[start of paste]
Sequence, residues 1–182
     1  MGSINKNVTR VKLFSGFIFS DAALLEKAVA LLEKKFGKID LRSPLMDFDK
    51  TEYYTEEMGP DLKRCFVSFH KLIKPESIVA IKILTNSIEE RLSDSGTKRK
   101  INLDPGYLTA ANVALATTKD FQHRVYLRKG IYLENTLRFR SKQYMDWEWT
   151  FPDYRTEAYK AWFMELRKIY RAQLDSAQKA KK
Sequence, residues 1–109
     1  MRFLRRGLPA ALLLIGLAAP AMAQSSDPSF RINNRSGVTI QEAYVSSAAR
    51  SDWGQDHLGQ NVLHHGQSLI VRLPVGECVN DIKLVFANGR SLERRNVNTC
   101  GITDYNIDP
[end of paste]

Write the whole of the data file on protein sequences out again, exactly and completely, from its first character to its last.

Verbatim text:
Sequence, residues 1–182
     1  MGSINKNVTR VKLFSGFIFS DAALLEKAVA LLEKKFGKID LRSPLMDFDK
    51  TEYYTEEMGP DLKRCFVSFH KLIKPESIVA IKILTNSIEE RLSDSGTKRK
   101  INLDPGYLTA ANVALATTKD FQHRVYLRKG IYLENTLRFR SKQYMDWEWT
   151  FPDYRTEAYK AWFMELRKIY RAQLDSAQKA KK
Sequence, residues 1–109
     1  MRFLRRGLPA ALLLIGLAAP AMAQSSDPSF RINNRSGVTI QEAYVSSAAR
    51  SDWGQDHLGQ NVLHHGQSLI VRLPVGECVN DIKLVFANGR SLERRNVNTC
   101  GITDYNIDP